North Korean rumors that gas prices dropped due to Chinese help

Gasoline in North Korea’s capital city of Pyongyang is now selling at prices 25% lower than last week. According to inside sources, rumors are swirling that the recent price drop is related to a recent visit by a group of Chinese diplomats. 
“The falling cost of fuel is bringing some relief to servicha drivers (transportation/logistics service providers) after a prolonged period of concern,” a Pyongyang source told Daily NK in a telephone conversation on December 14. “As recently as last week, one kilogram of fuel was selling for more than 20,000 KPW, and it has now dropped to about 15,000 KPW.” 
When asked about the reason for the decline, the source responded, “It isn’t clear why this has happened, but the rumor is that fuel prices started dropping after a group of Chinese dignitaries visited last month. It isn’t a completely groundless position. Some in North Korea who are well-connected to outside information believe it’s the reason.”   
“The merchants have been talking among themselves, and they guessed that because the Chinese envoys came at a time of international tensions, they may have been discussing ways to alleviate the economic sanctions being levied against the North,” he continued.
North Korea receives limited oil supplies from China through ships and pipelines, but a substantial volume has been trucked over the border. The Chinese government has officially announced that it is implementing international sanctions against North Korea, including prohibitions on the export of refined oil to the North. But crude oil supplies have been exported with business continuing as normal. North Korean residents believe that China controls the crude oil supply as a way to maximize leverage over the North.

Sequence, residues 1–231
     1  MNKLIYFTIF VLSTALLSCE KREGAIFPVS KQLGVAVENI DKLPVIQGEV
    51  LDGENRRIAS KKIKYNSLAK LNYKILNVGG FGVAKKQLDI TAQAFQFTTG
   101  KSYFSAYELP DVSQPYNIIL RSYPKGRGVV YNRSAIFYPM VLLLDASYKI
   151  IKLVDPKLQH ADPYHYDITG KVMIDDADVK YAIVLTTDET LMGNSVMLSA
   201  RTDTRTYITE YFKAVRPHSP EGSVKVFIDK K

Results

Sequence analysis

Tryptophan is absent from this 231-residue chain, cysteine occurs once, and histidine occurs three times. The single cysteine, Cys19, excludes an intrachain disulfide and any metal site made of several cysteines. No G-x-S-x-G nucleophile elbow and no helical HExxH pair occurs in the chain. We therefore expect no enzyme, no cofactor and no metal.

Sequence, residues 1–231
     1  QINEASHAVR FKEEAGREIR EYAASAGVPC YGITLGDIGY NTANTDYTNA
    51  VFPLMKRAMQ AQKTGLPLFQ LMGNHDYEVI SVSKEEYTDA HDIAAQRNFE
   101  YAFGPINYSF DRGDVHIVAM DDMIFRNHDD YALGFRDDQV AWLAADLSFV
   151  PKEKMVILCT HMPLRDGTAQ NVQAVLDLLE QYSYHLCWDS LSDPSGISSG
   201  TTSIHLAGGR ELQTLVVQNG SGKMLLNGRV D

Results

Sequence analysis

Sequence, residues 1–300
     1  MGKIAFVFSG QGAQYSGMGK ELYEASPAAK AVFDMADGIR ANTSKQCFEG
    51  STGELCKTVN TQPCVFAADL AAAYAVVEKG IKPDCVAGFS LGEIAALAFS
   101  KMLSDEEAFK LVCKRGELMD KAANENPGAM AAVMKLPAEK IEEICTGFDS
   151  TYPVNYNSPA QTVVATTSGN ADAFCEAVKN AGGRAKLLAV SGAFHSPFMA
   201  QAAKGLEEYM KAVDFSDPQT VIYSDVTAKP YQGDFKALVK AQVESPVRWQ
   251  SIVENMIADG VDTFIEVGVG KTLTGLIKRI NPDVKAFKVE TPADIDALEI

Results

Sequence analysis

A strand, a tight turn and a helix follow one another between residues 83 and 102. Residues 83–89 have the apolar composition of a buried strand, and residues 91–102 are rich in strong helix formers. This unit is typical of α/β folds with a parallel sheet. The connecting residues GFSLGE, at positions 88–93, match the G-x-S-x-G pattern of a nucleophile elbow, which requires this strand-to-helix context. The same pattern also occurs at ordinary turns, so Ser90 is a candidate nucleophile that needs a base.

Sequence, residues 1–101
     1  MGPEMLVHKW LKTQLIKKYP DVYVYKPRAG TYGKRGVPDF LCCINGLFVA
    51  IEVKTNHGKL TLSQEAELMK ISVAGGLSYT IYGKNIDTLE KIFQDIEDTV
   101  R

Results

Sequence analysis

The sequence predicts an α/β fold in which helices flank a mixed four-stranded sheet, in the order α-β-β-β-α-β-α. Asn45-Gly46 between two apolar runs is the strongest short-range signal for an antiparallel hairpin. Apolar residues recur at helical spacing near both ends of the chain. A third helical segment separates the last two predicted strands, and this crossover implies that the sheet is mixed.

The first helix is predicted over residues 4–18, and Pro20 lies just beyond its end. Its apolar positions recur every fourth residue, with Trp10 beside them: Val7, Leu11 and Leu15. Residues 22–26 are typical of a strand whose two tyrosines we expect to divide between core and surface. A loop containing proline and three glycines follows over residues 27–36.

The sources also indicated that small-scale smugglers in the border regions are also bringing in a substantial amount of oil to the North.
“Gasoline prices in the border area of North Pyongan Province are also dropping. Some of the servicha operators are concerned that the prices will rise again, so they’re buying in bulk,” a source in North Pyongan Province said.
“Most residents believe that things will not be as bad as they were in the mid-1990s [when the country was struck by famine] because even if national trade halts, individual smugglers will still be able to bring in supplies to a certain extent. In addition, some residents believe there are some positive side effects to the sanctions. [Because North Korea is banned from exporting seafood,] there is now a much larger availability of seafood in the [domestic] market.”
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